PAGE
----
hole. I peered inside at a hidden void.
‘Wow, how exciting!’
Without hesitation, I inserted my hand and felt
around, unsure what I expected to find, but apart from a thick layer of dust
and rubble, the alcove was empty. Disappointment flooded through me.
‘I’ll make a feature of it,’ I said. ‘I’ll visit a
reclamation yard and find a door that fits.’
‘This cottage will give up more of its secrets as
time goes by.’
As Dan spoke the words I became aware of an expectant
stillness in the air.
‘Why did you say that?’ I asked sharply.
‘Well, these old places always have secrets, don’t
they? And this one’s had four hundred years to collect them.’
Suddenly I felt hot and short of breath. Feeling
dizzy, I reached out for Dan, as if trying to hold on to something solid;
something I could trust.
He caught hold of my arm. ‘Hey, steady, Mads!’
Beads of perspiration pricked my forehead and I
struggled to hold back rising nausea.
‘You OK?’ Dan asked with concern.
‘I just need some fresh air,’ I gasped.
‘Tell you what – let’s abandon the tea thing and go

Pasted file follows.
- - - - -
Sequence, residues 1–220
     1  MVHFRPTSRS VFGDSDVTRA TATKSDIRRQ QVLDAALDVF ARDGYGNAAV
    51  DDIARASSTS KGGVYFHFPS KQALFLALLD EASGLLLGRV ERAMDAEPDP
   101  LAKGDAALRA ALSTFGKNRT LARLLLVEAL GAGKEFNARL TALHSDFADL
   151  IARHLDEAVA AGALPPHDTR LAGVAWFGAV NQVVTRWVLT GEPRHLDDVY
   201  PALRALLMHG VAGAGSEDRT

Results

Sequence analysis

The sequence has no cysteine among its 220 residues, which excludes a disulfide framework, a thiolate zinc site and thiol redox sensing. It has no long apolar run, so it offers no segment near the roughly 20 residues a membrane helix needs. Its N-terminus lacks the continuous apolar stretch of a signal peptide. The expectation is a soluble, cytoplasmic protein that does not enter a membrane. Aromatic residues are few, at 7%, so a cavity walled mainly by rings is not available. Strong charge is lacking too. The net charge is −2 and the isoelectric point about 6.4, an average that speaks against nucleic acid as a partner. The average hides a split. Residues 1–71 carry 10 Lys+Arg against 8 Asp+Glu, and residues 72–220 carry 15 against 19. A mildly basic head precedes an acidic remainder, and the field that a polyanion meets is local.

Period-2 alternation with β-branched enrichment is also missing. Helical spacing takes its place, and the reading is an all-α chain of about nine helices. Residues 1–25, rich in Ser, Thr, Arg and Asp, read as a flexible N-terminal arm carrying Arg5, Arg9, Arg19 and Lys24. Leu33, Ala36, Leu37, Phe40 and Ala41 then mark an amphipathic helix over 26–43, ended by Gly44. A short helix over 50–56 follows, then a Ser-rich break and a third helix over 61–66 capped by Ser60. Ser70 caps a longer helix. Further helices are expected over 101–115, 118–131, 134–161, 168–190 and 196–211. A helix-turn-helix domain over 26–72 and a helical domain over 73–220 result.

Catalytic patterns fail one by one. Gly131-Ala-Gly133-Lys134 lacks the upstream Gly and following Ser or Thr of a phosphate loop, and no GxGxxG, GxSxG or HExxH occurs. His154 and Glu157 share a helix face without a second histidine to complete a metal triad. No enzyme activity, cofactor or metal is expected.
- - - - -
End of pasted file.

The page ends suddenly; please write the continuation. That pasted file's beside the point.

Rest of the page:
to the pub instead.’ This was his answer to most things.
‘Yeah, I could do with a drink.’
He smiled at me.
‘And dinner’s on me,’ I said weakly, hurrying towards
‘Now, there’s an offer I can’t possibly refuse, but won’t that be a tad messy?’
I received a copy of this book from the publisher in return for an honest review.
I love a book that defies genre labelling, and ‘The Weighing Of The Heart’, is a perfect example. Told in the first person from Nick’s perspective. He is an ‘Englishman in New York’ and totally captivated by everything he experiences and sees, at least in the beginning. His descriptions and emotions, as he lives in the city, evoke rich visual imagery in the reader’s mind, whether they have experienced New York , or not.